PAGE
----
# Grades 9/10/11 Sequences, Series, and Financial Literacy

Arithmetic and geometric sequences. Financial applications including simple interest, compound interest, and annuities.

## Unit 1: Representing Sequences

In this lesson, students will be introduced to sequences and the associated notation. They will develop an understanding of recursive sequences and represent sequences in a variety of ways.

In this lesson, we will be introduced to a famous pattern of numbers known as Pascal’s triangle. Patterns within Pascal’s triangle will be investigated, including those that assist in expanding powers of binomials, $$(a+b)^n$$. The Binomial Theorem will be used to expand binomials of the form $$(a+b)^n$$ and to find specific terms within a binomial expansion.

All of the pencil and paper practice exercises, answers, and solutions for this unit are reproduced here.

This is a collection of additional, and sometimes challenging, problems that extend the material covered in this unit, connect material from different lessons, and further explore real-world applications.

## Unit 2: Arithmetic and Geometric Sequences and Series and Financial Applications

In this lesson, we will investigate arithmetic sequences. Arithmetic sequences will be described with a recursive formula and with a general term. The general term will be used to solve problems involving arithmetic sequences.

In this lesson, we will look at a variety of different investment options offered by banks or similar institutions. The relationship between simple interest and arithmetic sequences will be explored and simple interest problems will be solved.

In this lesson, we will investigate geometric sequences. Geometric sequences will be described with a recursive formula and with a general term. The general term will be used to solve problems involving geometric sequences.

In this lesson, we will define compound interest, and relate it to geometric sequences and exponential growth.  The effect of different compounding periods will be investigated, and the formula for compound interest will be used to calculate future value, present value, the interest rate, or the number of compounding periods.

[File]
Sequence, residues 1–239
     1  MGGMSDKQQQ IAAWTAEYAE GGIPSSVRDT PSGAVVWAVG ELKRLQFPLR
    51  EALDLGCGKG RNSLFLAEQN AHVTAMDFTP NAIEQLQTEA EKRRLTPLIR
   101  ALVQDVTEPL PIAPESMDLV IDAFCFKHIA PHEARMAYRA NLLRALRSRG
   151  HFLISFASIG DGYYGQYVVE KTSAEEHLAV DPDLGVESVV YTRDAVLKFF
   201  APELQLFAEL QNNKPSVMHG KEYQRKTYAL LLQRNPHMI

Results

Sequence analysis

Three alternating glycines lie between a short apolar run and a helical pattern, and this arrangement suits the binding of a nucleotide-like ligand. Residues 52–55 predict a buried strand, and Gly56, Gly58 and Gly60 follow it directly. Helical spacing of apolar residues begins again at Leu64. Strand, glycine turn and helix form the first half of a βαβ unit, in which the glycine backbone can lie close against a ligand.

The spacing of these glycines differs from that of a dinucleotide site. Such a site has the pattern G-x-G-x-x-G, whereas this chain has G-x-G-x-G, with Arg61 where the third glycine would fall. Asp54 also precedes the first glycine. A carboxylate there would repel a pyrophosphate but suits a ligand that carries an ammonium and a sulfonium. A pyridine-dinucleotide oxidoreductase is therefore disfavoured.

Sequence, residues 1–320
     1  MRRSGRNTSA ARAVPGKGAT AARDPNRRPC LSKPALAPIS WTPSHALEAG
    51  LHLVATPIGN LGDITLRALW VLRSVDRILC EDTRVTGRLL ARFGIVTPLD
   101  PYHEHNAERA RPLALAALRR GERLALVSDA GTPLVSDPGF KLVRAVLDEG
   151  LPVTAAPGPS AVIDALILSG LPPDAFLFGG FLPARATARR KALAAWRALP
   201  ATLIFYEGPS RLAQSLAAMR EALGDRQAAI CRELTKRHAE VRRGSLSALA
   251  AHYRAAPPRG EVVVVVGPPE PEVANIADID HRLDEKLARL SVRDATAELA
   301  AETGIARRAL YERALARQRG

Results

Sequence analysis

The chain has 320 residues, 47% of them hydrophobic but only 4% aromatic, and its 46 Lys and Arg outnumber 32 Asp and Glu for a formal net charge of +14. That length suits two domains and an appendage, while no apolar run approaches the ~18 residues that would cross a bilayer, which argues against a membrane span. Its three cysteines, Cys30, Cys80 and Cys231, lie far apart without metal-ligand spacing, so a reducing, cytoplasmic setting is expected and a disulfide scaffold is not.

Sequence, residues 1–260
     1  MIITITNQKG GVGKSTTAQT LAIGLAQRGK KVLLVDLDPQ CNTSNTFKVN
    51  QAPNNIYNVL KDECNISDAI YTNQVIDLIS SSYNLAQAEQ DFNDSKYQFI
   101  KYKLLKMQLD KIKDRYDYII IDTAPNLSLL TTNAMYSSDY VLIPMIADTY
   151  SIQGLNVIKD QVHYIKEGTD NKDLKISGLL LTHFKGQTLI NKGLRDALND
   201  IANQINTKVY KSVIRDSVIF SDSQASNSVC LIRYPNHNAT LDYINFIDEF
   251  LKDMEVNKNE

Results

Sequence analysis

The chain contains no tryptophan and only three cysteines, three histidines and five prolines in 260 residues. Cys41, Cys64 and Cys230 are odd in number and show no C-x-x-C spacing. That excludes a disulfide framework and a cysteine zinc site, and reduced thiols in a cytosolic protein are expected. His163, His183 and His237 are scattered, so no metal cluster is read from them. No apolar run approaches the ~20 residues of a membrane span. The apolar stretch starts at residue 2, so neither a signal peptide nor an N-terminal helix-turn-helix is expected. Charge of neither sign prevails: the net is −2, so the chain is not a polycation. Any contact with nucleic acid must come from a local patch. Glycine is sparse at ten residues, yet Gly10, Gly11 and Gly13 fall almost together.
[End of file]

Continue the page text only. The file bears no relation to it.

In this lesson, the idea of a series is introduced. Two formulas to calculate the sum of the first ‌$$n$$ terms of an arithmetic series will be developed and then applied in a variety of settings.

In this lesson, we will work with geometric series. The formula for the sum of the first ‌$$n$$ terms in a geometric series will be developed and then applied in a variety of settings.

In this lesson, annuities are studied as a financial application of geometric series. We will solve annuity problems using the geometric series formula and we will derive formulas for solving annuity problems. These formulas will be used to solve a variety of questions involving annuities.

In this lesson, we will use technology to solve a variety of different questions relating to annuities. This will include comparing annuities, solving problems involving multiple calculations, and looking at cases beyond ordinary simple annuities.

In this lesson, we will explore other financial topics such as different types of employment income, income tax, and other deductions. We will also compare the options of buying, renting, and leasing.

All of the pencil and paper practice exercises, answers, and solutions for this unit are reproduced here.

This is a collection of additional, and sometimes challenging, problems that extend the material covered in this unit, connect material from different lessons, and further explore real-world applications.